By: Stephen Downer
March 22, 2013
MEXICO CITY — January retail figures published this week by the Mexican government's statistics institute show practically zero growth in the sale of food, drink and other domestic items that use plastics heavily, according to industry consultant Eduardo de la Tijera Coeta.
In an open letter to members of the industry, he writes that the figures indicate the Mexican economy is slowing down and that plastics consumption in Mexico this year may contract.
"In 2013 we cannot aspire to growth in the consumption of plastics larger than last year's 5.3 percent," he wrote. "On the contrary," he adds, "growth may be at least one percentage point down" on last year's.
He warned that the situation will affect not only Mexico's plastics processors but also raw materials suppliers, and he urged the industry to embark as quickly as possible on efforts to recover market share by substituting imports.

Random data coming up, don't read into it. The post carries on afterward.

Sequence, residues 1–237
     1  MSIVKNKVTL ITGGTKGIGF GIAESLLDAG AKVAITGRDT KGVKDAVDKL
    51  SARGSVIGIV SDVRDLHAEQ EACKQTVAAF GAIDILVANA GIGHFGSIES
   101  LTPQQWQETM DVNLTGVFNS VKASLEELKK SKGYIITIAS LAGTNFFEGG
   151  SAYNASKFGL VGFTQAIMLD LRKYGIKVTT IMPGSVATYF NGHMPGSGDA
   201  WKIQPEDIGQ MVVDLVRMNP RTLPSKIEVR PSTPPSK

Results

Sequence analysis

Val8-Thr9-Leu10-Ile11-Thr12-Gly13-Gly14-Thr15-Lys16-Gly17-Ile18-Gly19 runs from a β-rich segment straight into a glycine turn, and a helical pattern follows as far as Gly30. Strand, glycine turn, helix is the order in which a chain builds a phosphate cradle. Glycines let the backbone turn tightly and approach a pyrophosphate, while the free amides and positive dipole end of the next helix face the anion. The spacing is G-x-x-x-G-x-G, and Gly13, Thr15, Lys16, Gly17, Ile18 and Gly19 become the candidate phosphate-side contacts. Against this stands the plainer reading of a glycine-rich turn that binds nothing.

"To achieve this, we need to organize ourselves and pull together, since trying to go it alone will achieve little and will make the task more difficult and less profitable."
The survey of Mexico's commercial establishments in 37 cities, published March 21 by the Instituto Nacional de Estadística y Geografía (Inegi), reveals a 1.8 percent growth in retail sales in January compared with the same month in 2012, thanks largely to a 14 percent increase in the sale of automobiles.
But De la Tijera points out that elsewhere sales were "practically zero" — including food (+0.1 percent), drinks (+1.6 percent), self-service stores (+0.2 percent), while those of furniture and household products in general were 6.8 percent down.
De la Tijera is president and CEO of Grupo Texne, of Mexico City, which offers consulting services to the chemical, petrochemical and plastics industries. He was president of plastics industry association Anipac (Asociación Nacional de Industrias del Plástico AC) for two years between 2006 and 2008. End